Newark station (Delaware)
|Location||10 Mopar Drive
Newark, DE 19713
|Platforms||2 side platforms|
|Connections|| DART First State: 16, 33, 39, 46, 59, 302
Cecil Transit: 4
James F. Hall Trail
|Station code||NRK (Amtrak Only)|
|Fare zone||4 (SEPTA)|
|Passengers (2016)||12,896 2.1% (Amtrak)|
Newark Passenger Station
|Location||429 S. College Avenue,
|Area||0.1 acres (0.04 ha)|
|Architect||S. T. Fuller|
|Architectural style||Late Victorian, High Victorian|
|NRHP Reference #||82002346|
|Added to NRHP||May 07, 1982|
The Newark station is the southern terminus of weekday service for SEPTA; it does not serve the station on weekends. Like all stations in Delaware, SEPTA service is provided under contract and funded through DART First State.
The station is located at Mopar Drive and South College Avenue, and travelers arriving at the station must walk a few blocks north along South College Avenue to reach the University of Delaware or the businesses centered on Main Street. A 380 space parking lot exists, mostly serving park and ride passengers bound for Wilmington, Delaware, or Philadelphia, Pennsylvania. The James F. Hall trail also runs along the north side of the tracks.
The station building, originally constructed by the Philadelphia, Wilmington and Baltimore Railroad in 1877, is adjacent to the southbound platform, and at one time also had connecting branches to Pomeroy, Pennsylvania and Delaware City, Delaware. It is now home to the Newark Historical Society, but does not function as a train station. It has been listed on the National Register of Historic Places since May 7, 1982. The station is built on a "T" plan with a hipped cross-gable roof and Victorian detailing such as ornamental brackets and sawtooth brickwork.
In 1986, Newark's city council authorized an application for a state of Delaware Bicentennial Improvement Fund grant for the acquisition and redevelopment of the Newark station, and on March 27, 1987, Amtrak deeded the station building to the city. By September, the city had hired John Milner Associates of West Chester, Pa., to develop architectural specifications for restoration. Restoration work encompassed the first floor ticket booths, the ladies' and men's waiting rooms, modernized upstairs offices, and rebuilt canopies on the exterior. SEPTA has now been to Newark Delaware since 1997.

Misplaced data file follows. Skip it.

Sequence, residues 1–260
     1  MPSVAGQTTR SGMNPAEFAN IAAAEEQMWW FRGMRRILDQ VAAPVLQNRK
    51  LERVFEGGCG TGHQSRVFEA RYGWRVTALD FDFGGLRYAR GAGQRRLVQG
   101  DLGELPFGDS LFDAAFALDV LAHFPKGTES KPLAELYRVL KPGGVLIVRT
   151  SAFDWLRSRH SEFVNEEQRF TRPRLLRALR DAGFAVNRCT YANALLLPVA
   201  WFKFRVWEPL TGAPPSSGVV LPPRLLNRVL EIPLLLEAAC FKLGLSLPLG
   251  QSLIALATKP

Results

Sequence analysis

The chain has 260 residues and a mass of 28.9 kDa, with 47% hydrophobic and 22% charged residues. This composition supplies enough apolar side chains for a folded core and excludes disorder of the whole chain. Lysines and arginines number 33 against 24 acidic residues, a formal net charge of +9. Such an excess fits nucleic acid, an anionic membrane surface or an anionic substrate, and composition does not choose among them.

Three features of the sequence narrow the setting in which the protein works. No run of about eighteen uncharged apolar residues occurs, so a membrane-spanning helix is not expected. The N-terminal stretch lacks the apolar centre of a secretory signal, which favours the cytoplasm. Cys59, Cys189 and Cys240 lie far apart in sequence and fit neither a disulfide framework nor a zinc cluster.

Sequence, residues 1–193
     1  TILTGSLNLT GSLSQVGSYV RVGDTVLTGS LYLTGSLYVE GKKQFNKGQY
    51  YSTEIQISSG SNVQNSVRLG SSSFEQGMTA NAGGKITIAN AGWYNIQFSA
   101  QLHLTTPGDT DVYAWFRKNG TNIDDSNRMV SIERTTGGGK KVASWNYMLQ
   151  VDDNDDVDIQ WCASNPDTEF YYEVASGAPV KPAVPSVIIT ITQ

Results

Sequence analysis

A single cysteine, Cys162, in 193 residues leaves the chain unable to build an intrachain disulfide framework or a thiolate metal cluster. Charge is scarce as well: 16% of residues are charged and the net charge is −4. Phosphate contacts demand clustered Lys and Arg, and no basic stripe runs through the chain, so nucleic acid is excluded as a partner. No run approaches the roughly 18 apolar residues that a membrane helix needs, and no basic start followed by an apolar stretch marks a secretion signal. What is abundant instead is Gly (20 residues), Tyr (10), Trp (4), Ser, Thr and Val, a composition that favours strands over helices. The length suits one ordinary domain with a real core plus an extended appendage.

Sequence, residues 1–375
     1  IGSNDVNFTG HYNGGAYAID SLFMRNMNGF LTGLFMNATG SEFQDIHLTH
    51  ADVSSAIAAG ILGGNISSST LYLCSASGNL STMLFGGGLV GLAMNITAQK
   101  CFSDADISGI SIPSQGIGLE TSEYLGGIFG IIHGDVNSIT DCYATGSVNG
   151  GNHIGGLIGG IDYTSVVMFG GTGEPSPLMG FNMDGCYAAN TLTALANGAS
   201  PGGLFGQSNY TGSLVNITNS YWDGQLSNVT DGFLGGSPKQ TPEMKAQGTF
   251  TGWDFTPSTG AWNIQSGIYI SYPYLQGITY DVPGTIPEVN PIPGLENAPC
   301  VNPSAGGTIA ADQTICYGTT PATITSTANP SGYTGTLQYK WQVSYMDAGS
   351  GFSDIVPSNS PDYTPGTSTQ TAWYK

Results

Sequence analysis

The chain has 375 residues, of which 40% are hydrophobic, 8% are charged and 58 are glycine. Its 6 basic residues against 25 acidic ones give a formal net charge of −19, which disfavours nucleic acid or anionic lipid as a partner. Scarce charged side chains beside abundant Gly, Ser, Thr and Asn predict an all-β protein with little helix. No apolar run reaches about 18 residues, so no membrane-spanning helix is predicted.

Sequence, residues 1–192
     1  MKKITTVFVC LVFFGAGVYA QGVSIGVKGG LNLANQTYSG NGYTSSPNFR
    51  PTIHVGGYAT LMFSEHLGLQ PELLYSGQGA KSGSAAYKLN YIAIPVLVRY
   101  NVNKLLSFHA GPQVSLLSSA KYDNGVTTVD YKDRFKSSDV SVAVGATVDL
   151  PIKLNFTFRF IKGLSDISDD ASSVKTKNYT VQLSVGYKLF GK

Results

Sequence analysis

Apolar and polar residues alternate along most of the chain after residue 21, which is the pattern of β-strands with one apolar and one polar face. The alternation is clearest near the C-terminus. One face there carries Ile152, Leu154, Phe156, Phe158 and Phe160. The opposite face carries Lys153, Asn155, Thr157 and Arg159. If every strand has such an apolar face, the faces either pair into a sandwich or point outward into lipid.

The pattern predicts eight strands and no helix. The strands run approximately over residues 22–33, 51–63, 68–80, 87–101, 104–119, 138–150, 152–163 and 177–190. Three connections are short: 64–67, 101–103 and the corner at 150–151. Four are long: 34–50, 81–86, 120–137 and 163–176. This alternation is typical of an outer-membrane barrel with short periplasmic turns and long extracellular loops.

Proposed renovation and upgrades in service
Recently a new federal grant was awarded to upgrade the station into a multi-modal hub. This includes new platform, eliminating grade crossings, upgrades to the adjacent rail yard and new ticketing machines.
Additionally, many track upgrades between Newark and Wilmington are now underway including adding a complete third track. This would allow northbound and southbound Amtrak trains unrestricted travel while commuter trains could travel in the third track between local stops.
Previously the plan was to build a new station near Route 72 (Library Avenue) and South Chapel Street (Approximate Location ) is listed on the Federal Transit Administration's "Final Design" list; however, since the University of Delaware's acquisition of land surrounded the existing station the station no longer needs to move to grow.
- "Amtrak Fact Sheet, FY2016, State of Delaware" (PDF). Amtrak. November 2016. Retrieved 21 February 2017.
- National Park Service (2009-03-13). "National Register Information System". National Register of Historic Places. National Park Service.
- "James F. Hall Trail". Rails-to-Trails Conservancy. Retrieved 2010-12-05.
- "Newark Historical Society". NEWARK HISTORICAL SOCIETY. Retrieved 2014-01-13.
- Great American Stations. Accessed March 8, 2013.
- "Tiger IV Rail Grant".
- "$13.3 Million Rail Grant".
- MTA Maryland (May 2011). "Summary Minutes MARC Riders Advisory Council Meeting" (PDF). Retrieved 2013-03-01.
- Media related to Newark Rail Station (Delaware) at Wikimedia Commons